Il buco

Il buco
The Hole

Italy, 1961. While in the prosperous north of the country Europe’s tallest building is being erected, a group of adventurers in untouched Calabria is plunging into the depths. The young speleologists are exploring Europe’s deepest cave, the Abisso di Bifurto, reaching the bottom ground for the first time. This bold undertaking goes unnoticed by the inhabitants of the nearby village, but not by the old shepherd of the Pollino plateau, whose life becomes intertwined with the endeavour.


As seen by Frammartino, the young explorers’ enterprise morphs into a kind of colonization, an offshoot of the economic miracle to which the expedition sought to offer a kind of alternative: a move away from the flashy consumerism of those years toward a more archaic voyage through time and space. All the mapping, studying, and classifying—noble as their intent may be—still amount to an invasion, a desecration of a holy ground that yanks the cave out of the realm of myths and gives it a name, a depth, and a limit. It’s a piercing rumination brimming with riveting images: newspaper scraps burnt and thrown into the cave, the embers billowing gently down the abyss; the abyss itself, a sweaty, claustrophobic maze; and then again the mist-shrouded mountaintops outside, gracing the film with a sudden expanse. Contemplative and mystical, Il buco doesn’t just invite you to witness the unfurling of a secret world—it teaches a new way of seeing.

Leonardo Goi1


Michelangelo Frammartino: If you’re an independent filmmaker you know your camera will always, to some degree, carry violence. It’s a military instrument; you cannot forget that, ever. The youngsters who chose to sneak their way underground in 1961 were extraordinary, bold, daring; they went against the prevailing forces of their era, and worked “for free” for the rest of us, in a way. But they were also unmistakably involved in a kind of colonization, as you say: they gave a shape to an erstwhile unshaped world. The minute they started mapping the contours of that cave they stripped it of all its myths.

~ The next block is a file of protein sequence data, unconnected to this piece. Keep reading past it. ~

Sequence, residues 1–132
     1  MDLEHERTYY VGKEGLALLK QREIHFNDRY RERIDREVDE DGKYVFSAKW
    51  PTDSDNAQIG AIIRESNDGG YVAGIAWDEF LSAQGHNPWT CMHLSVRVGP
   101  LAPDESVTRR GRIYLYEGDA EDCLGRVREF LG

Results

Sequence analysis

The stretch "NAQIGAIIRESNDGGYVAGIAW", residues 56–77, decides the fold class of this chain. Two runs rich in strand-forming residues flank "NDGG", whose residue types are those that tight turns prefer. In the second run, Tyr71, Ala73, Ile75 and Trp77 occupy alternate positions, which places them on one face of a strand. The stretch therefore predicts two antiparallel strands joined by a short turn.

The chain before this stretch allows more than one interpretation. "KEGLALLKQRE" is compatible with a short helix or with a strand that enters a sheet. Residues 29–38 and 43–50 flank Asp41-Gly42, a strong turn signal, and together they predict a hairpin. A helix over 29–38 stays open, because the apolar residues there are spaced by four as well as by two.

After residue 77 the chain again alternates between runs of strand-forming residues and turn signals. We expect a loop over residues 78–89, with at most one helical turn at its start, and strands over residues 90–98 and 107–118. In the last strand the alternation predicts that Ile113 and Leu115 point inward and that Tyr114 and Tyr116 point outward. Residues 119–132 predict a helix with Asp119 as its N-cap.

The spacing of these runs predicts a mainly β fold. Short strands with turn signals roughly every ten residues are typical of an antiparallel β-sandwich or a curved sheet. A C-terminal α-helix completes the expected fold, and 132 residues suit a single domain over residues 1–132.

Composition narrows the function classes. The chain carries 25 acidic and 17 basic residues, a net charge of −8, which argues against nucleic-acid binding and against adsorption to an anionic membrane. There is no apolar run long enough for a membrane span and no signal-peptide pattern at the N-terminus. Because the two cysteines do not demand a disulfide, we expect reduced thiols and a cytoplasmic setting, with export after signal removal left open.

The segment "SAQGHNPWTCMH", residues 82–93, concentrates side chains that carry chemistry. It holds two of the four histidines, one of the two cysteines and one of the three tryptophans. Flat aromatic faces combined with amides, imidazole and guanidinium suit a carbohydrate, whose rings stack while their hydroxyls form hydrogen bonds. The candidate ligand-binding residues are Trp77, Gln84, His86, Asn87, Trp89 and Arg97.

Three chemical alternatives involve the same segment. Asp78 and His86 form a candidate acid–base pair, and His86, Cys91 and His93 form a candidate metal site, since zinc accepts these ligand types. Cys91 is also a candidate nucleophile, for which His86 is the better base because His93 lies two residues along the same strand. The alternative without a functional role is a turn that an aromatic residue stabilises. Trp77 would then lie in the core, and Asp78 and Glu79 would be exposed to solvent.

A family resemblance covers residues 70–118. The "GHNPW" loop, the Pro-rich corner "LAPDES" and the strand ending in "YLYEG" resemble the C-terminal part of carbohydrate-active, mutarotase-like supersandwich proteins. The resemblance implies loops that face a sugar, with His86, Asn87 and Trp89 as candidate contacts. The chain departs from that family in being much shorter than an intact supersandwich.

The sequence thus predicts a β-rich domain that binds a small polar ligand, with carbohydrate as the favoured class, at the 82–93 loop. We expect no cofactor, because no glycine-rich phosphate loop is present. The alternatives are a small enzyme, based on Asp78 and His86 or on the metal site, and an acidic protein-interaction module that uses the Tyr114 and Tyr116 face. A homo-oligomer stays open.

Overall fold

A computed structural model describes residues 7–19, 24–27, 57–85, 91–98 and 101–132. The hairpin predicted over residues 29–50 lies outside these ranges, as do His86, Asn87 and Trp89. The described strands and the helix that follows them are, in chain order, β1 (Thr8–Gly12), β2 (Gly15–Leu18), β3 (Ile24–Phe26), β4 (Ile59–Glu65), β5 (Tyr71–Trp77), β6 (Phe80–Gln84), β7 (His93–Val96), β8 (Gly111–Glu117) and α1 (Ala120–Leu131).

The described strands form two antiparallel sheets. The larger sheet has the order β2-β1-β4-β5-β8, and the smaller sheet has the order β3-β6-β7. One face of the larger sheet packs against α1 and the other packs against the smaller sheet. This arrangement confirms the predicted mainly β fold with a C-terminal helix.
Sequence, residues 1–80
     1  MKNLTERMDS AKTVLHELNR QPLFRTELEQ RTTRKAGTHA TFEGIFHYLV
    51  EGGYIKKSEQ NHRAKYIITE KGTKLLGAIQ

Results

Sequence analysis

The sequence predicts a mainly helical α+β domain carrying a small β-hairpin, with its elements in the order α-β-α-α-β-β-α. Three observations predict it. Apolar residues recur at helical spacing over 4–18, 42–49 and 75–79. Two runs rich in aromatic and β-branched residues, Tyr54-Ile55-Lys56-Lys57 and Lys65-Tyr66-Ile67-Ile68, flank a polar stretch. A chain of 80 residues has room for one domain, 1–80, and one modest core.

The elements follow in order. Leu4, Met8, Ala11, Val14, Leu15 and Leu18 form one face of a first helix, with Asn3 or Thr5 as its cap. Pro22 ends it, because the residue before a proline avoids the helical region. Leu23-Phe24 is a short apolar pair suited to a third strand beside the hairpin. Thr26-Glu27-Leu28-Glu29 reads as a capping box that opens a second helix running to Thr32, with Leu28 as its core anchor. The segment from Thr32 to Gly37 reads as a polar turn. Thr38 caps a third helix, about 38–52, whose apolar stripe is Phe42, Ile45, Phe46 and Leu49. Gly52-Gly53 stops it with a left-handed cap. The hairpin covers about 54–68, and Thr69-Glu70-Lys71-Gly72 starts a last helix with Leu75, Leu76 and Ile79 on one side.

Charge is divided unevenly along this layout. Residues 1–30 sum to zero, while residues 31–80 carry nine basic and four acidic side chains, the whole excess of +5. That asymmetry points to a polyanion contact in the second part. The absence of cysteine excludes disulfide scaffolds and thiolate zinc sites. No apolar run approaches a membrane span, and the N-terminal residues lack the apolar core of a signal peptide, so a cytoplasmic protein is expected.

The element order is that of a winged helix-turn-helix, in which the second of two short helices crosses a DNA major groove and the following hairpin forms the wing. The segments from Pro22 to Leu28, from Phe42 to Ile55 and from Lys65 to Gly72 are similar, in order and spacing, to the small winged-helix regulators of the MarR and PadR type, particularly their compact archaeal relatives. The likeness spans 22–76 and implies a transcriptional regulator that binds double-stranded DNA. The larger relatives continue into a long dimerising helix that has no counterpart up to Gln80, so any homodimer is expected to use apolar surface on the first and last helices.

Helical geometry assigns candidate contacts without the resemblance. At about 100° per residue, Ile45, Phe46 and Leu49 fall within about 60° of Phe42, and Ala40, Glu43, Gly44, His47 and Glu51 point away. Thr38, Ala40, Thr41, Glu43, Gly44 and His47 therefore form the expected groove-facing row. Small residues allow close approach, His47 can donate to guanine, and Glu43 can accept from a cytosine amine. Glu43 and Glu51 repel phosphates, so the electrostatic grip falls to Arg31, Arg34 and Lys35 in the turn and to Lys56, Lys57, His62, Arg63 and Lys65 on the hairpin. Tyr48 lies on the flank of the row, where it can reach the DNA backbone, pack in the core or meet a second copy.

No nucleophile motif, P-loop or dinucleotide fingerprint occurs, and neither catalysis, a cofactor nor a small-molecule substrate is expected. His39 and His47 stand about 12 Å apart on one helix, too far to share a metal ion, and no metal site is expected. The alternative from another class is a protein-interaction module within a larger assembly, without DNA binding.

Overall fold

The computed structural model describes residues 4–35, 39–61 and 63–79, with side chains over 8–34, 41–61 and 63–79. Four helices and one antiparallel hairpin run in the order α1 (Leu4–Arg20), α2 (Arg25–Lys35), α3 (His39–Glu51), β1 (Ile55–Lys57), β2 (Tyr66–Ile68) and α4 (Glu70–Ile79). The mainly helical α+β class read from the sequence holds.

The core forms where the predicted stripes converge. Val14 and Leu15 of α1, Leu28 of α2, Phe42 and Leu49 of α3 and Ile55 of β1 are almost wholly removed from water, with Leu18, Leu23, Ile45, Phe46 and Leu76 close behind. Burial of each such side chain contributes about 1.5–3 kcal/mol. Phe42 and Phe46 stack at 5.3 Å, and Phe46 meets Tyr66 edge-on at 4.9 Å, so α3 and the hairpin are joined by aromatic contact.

Leonardo Goi: They gave it a limit.

Frammartino: A limit and a shape. They christened it. Now you know it’s a cave with twenty-nine pits. Nothing is left to the imagination. The saddest, most violent thing is when a cave turns into a tourist destination. That’s when you know it’s all over. I guess what I’m saying is that even as you chronicle an expedition as formidable as this, you’re always going to face a darker reverse-shot.

Michelangelo Frammartino in conversation with Leonardo Goi2


“There’s a way of watching Il Buco that may take a little time to attune to, in the same way you might have to while watching a Jacques Tati movie. It’s a question of image navigation: Frammartino shoots mainly in long shots and the manner in which you take the story in is, as above, a bit of a game. You must first work out where your attention is supposed to be focused, and then if you do follow your instincts, you must then calculate whether you are missing out on details elsewhere. There might be a clue, like a dim flicker of light in the middle distance, or some rumbling sounds emanating from a certain area off-screen. But each shot needs to be unlocked.

On that note: filmmakers vocally pleading with audiences to see movies in the cinema – or the biggest screen available to them – is currently in vogue despite valid protestations regarding accessibility. One hopes that Frammartino joins the chorus, as it genuinely seems as if he has made a film which only functions in its intended way by being experienced in the enclosed, sensory-deprived environs of a pitch black and completely silent cinema. And one with a top spec sound system for that matter.”

David Jenkins3

UPDATED ON 30.03.2023